OTTAWA -- More than 70 per cent of Canadians polled disagree with the government's decision to settle a lawsuit with Omar Khadr for a reported $10.5 million and an apology, according to the results of a new survey.

Asked which of two statements most reflected their opinion, 71 per cent of those polled by the Angus Reid Institute said the government should have fought the case and left it to the courts to decide whether Khadr was wrongfully imprisoned.

Only 29 per cent of those polled said the compensation and apology were the right decision.

The Supreme Court of Canada has already said government officials violated Khadr's rights and were complicit in his mistreatment at Guantanamo Bay, where he spent nearly 10 years after being captured following a firefight in Afghanistan. Khadr, 15 years old at the time of his 2002 capture, was fighting with Al Qaeda, where his father was a high-ranking member.

Public Safety Minister Ralph Goodale referred to the 2010 unanimous Supreme Court ruling when he and Justice Minister Jody Wilson-Raybould announced the settlement.

While the vast majority disagree with the government's settlement, 74 per cent said Khadr was a child soldier at the time of his arrest, and should have been treated as such, the poll said.

In 2015, the Supreme Court rejected the government's argument that Khadr was an adult offender and needed to serve consecutive sentences.

Split over fairness of treatment

The poll suggests Canadians are split over whether Khadr has been treated fairly. The largest group -- 42 per cent -- say they can't decide or don't know, while 24 per cent say he was treated unfairly. Another 34 per cent say he was fairly treated over the past 15 years.

Asked what they would have offered Khadr were they on the negotiating team, 43 per cent said they would have offered neither compensation nor an apology. Another 29 per cent would have offered both an apology and compensation, while 25 per cent said they would have offered an apology alone.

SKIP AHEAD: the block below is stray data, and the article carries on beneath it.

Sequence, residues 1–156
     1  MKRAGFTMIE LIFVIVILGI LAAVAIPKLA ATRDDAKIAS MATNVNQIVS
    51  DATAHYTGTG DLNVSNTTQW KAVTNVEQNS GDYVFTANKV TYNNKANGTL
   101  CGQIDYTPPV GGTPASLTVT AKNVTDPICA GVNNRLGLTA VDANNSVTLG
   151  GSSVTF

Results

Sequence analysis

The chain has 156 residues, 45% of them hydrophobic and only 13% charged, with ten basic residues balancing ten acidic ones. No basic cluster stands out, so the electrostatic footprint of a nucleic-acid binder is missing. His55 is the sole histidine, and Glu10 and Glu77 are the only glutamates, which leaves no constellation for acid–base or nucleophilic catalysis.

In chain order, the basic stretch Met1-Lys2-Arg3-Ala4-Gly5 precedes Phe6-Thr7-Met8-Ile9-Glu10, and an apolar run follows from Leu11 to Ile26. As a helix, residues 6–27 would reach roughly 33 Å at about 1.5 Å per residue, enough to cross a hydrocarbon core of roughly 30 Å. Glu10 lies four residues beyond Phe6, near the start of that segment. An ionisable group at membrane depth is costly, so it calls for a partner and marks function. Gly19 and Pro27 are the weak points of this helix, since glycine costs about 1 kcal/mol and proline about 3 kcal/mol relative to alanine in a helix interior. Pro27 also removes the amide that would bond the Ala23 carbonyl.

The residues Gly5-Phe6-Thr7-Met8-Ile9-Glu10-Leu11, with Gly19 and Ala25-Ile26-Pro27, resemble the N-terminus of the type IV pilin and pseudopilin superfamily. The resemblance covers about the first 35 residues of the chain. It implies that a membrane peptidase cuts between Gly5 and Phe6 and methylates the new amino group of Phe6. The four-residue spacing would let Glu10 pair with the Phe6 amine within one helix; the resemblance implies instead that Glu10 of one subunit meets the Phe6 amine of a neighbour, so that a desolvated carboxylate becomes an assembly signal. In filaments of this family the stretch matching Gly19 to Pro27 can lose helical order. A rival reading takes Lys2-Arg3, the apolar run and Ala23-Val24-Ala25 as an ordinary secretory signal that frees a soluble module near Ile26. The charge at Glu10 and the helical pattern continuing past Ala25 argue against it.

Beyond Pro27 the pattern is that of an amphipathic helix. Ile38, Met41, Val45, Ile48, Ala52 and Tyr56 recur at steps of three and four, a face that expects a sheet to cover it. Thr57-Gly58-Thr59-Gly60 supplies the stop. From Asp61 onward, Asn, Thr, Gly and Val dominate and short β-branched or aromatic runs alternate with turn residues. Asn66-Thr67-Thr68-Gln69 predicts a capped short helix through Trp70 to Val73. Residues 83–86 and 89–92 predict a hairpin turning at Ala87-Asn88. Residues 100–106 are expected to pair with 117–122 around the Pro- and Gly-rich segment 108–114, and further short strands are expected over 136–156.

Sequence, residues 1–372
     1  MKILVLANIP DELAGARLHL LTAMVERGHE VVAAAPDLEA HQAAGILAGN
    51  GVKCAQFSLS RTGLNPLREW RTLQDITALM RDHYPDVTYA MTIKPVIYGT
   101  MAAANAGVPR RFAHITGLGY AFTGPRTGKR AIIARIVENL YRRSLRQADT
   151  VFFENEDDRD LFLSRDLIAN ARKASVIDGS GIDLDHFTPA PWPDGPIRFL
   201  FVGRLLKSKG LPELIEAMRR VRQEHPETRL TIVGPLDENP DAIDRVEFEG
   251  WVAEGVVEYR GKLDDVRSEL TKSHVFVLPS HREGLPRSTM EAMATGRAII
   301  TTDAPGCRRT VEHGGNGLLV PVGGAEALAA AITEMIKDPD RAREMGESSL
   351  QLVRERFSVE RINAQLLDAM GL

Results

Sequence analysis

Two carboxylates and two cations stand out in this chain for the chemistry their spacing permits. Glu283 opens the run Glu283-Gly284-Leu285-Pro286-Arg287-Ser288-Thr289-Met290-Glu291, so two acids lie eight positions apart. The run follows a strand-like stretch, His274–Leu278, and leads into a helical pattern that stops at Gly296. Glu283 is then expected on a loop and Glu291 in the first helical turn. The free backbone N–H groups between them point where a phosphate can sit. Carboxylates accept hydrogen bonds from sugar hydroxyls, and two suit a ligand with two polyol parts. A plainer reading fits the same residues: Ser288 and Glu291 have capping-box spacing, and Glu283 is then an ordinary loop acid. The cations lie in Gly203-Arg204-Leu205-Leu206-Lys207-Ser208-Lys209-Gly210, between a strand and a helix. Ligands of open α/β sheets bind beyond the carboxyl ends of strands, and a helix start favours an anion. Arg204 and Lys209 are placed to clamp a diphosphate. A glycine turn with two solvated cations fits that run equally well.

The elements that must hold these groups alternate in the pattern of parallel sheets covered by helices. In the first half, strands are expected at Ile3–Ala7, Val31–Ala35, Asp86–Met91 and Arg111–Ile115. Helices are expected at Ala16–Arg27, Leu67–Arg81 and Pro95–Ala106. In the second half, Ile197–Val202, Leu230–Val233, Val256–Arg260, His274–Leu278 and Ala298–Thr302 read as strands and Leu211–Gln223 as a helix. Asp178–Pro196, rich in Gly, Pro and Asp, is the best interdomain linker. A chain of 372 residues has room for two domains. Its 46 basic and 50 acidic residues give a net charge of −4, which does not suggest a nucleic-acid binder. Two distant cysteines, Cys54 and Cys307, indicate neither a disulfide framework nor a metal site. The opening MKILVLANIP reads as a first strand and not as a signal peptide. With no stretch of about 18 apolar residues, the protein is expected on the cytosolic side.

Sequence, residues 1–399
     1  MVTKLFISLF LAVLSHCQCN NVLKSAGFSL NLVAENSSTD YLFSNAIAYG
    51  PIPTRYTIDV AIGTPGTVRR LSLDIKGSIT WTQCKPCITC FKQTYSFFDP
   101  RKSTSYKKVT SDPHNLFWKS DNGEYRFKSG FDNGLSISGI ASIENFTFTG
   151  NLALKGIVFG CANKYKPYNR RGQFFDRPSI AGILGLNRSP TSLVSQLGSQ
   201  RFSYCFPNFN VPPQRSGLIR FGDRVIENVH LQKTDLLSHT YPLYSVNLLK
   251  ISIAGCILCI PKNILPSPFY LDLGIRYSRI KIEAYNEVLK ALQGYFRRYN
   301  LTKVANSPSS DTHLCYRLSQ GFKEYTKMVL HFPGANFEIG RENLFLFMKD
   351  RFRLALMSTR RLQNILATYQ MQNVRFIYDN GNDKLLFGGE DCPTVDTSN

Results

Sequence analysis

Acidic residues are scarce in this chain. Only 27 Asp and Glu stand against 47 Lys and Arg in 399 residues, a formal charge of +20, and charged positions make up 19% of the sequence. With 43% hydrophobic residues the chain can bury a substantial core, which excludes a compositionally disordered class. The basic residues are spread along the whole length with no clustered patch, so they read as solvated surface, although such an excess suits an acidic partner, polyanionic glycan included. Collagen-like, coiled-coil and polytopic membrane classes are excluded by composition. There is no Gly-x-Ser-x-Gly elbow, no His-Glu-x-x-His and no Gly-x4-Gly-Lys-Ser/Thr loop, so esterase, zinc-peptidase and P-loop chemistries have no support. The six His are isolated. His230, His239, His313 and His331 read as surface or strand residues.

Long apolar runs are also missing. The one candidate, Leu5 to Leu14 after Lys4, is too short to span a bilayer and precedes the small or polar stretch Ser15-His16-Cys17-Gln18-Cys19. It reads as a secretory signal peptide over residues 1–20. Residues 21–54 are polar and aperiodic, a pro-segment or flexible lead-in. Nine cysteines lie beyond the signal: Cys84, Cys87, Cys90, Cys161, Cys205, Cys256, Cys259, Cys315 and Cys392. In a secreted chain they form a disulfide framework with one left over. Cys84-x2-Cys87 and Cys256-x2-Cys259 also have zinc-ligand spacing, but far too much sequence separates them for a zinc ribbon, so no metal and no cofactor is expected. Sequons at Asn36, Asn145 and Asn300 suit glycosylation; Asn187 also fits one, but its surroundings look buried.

Both Liberal and Conservative governments resisted calls by human rights advocates to fight for Khadr's return to Canada. Khadr says he was tortured in Guantanamo and during a shorter detention at Bagram Air Base, including through sleep deprivation and being told he risked being gang-raped in an American prison.

Khadr pleaded guilty in a U.S. military court to five charges associated with him throwing a grenade that killed American Sgt. Christopher Speer and blinded Sgt. Layne Morris. He later said he confessed under torture and pleaded guilty to improve his chances of returning to Canada rather than staying in Guantanamo.

Views of Khadr's settlement diverge along political lines, the Angus Reid Institute notes in its release accompanying the poll. Among those who say they voted Conservative in the last federal election, 91 per cent said the government did the wrong thing by settling with Khadr rather than continuing to fight the lawsuit. Sixty-one per cent of those who said they voted Liberal said the government did the wrong thing, while 64 per cent of NDP voters said it was the wrong decision.

The poll was conducted online from July 7 to 10, drawing on a representative randomized sample of 1,521 Canadian adults who are members of the Angus Reid Forum. A probability sample of this size would carry a margin of error of plus or minus 2.5 percentage points, 19 times out of 20.